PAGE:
Web Work
Information Seeking and Knowledge Work on the World Wide Web

(Monograph by Chun Wei Choo, Brian Detlor, and Don Turnbull, published by Kluwer Academic Publishers in 2000.)

(Excerpt from Chapter 4)

4.4 A Behavioral-Ecological Framework for Intranet Design

One of the motifs of this book is to explore how intranets may be designed as an open infrastructure that supports the creation, sharing, and use of knowledge. Our review of the research literature suggests that pursuing a dual design approach based on the information behaviors of groups and individuals as well as the information ecology of the organization as a whole may be a fruitful enterprise. This section extends a conceptual framework originally proposed by Detlor for the design of organizational intranets to facilitate information access and use. That framework combined Taylor’s value-added model with common elements of the four models of the information environment outlined above.

In the modified framework, designing an intranet to support knowledge work embraces three nested layers: information ecology; information behaviors; and value-added processes (Figure 4.2). The design activity begins with a simultaneous analysis of the organization’s information ecology and users’ information behaviors. As described earlier, information ecology refers to the information environment of an organization. The internal information environment comprises many interdependent and interacting social and cultural subsystems that influence the creation, flow, and use of information. Information behaviors refer to the practices of individuals and groups as they go about obtaining and using information to resolve their work-related problem situations.




Figure 4.2: A Design Framework that Integrates
Information Ecology and Information Behaviors

A detailed understanding of the general information ecology and the particular information practices will help underpin the design of intranet content and services as value-added processes (Taylor 1986) that signal and amplify the value of information. The following sections examine each of the three design layers.

4.4.1 Information Ecology

The information ecology is an organization’s information environment, and consists of the numerous interacting and interdependent social, cultural, and political subsystems that shape the creation, flow and use of information in the organization. Thus an organization’s information ecology influences what information is produced and stored, what information is made available and to whom, and what information is required and valued in task performance. Typically, an organization’s ecological subsystems coexist in a fragile balance, so that altering one component necessarily induces changes in the others.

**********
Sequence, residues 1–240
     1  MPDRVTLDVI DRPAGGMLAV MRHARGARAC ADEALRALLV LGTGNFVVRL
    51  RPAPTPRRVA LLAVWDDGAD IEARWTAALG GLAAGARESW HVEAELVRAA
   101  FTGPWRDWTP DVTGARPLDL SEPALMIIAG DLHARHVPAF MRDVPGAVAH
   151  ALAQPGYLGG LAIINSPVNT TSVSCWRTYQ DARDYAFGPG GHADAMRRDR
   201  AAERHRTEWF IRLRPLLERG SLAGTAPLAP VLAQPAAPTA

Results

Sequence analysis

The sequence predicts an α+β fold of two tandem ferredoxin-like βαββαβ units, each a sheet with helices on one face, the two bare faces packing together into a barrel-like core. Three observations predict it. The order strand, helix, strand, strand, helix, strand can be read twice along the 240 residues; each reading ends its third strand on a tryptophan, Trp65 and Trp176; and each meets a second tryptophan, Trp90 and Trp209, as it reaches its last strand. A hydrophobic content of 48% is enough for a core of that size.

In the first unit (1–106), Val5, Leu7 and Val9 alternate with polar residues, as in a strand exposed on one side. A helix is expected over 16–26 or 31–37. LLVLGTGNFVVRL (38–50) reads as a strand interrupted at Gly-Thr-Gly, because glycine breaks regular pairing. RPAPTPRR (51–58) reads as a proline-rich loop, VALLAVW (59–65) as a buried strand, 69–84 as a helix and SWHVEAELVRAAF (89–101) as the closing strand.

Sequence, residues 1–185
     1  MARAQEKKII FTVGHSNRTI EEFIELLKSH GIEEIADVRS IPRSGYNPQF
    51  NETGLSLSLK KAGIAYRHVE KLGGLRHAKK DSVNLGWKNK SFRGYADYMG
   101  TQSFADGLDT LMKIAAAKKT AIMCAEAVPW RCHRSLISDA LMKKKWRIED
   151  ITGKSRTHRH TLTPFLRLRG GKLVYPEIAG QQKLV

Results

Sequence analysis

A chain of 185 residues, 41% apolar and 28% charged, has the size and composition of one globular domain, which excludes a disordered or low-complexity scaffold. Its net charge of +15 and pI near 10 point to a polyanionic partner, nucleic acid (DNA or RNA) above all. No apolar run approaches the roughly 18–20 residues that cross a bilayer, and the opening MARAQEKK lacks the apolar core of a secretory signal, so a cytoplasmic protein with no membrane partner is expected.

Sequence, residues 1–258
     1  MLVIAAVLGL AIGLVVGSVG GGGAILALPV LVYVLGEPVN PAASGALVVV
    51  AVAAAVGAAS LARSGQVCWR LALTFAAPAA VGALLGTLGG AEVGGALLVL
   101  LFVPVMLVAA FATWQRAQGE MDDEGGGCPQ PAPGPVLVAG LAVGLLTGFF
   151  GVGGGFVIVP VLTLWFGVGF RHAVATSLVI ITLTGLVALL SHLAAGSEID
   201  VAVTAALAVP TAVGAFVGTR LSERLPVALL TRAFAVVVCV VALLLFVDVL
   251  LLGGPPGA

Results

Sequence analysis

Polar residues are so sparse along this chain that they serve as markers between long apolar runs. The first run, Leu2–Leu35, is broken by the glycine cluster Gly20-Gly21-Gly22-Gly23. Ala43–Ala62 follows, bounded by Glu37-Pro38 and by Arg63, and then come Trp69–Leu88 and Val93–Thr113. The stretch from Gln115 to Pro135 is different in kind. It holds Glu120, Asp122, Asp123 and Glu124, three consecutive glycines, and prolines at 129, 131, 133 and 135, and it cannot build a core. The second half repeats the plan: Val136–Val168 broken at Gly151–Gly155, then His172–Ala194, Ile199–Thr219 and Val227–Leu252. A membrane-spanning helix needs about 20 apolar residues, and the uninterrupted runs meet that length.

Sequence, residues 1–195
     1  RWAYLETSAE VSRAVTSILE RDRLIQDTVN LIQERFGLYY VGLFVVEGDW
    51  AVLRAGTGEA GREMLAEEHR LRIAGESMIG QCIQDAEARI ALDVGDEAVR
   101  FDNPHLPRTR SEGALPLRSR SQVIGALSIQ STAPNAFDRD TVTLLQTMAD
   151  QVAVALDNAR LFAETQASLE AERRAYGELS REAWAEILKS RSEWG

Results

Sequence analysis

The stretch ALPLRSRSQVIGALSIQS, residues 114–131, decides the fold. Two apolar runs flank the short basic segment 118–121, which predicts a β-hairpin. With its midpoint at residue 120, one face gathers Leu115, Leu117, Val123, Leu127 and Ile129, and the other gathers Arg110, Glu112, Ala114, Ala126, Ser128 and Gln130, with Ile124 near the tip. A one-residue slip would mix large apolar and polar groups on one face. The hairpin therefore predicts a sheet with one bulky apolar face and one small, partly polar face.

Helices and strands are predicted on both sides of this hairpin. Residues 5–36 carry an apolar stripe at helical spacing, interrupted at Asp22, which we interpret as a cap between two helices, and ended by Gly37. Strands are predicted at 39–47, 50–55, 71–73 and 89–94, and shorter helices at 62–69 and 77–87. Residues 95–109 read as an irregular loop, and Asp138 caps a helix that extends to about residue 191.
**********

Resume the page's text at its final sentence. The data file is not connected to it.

Extending the framework proposed by Davenport (1997), we suggest that in analyzing an organization’s information ecology to guide intranet design, the following eight elements would need to be examined: the organization’s mission; the intranet’s goals; information management plans; information culture; information politics; physical setting; information staff; and information handling (Figure 4.3).



Figure 4.3: Principal Elements of the Information Ecology of the Organization

The organization's mission is described by the overarching goals and activities of the organization that define its identity and purpose. An analysis of the organization's mission should also elaborate the role that information plays, the contribution of its information resources and services, as well as the differences between actual situations and intended scenarios. This logically leads to the second element, an articulation of the intranet's goals in relation to the organizational purpose, that is, the ways in which the intranet would help the organization accomplish its mission. The third element, information management plans, are the formal plans, policies and standards that the organization has established to structure control, coordination, and roles in the management of information resources and services. Information culture is indicated by the attitudes and norms that the organization's participants hold about issues such as the ownership and sharing of information, and the amount and intensity of information gathering and analysis that is appropriate or expected in the organization. Information politics often obstruct the movement of information across departmental boundaries and can lead to unproductive information hiding and hoarding. Davenport, Eccles and Prusak (1992) identify common political structures, and assess their consequences for information sharing and management. An organization's physical setting can also impose particular constraints and requirements. For example, an organization that is dispersed over multiple locations, or whose employees spend most of their time in the field, would need to address issues such as information access, remote communications, data currency, and so on. Although information staff are clearly vital players in the information ecology, they are surprisingly often overlooked in intranet design projects. The level and modus of their participation need to be clarified: Are the information staff formally trained? What are their organizational roles (do they act as intermediaries, support staff, or as members of work teams)? What are their relationships with line staff and top management? Finally, an organization may have set in place information handling rules and routines for the management of records and archives, and the maintenance of institutional memory. These routines are important because they allow the organization to encode and transfer past learning, and to present an accountable trace of its actions. In evaluating the various elements that constitute an organization's information ecology, we are constantly asking to what extent each element is harming or helping the organization's efforts to attain its goals.

4.4.2 Information Behaviors

Human information behaviors are complex phenomena, and perhaps the best hope of gaining a fair representation of them is to observe and learn directly from users in their natural work settings. The framework takes this analysis in three steps. First, we develop a clear understanding of who the users are in terms of their information needs and information seeking characteristics. Second, we dimensionalize the structure of the work-related problem situations that they typically face. Third, we chronicle and examine the information behaviors and practices that they employ to resolve problem situations.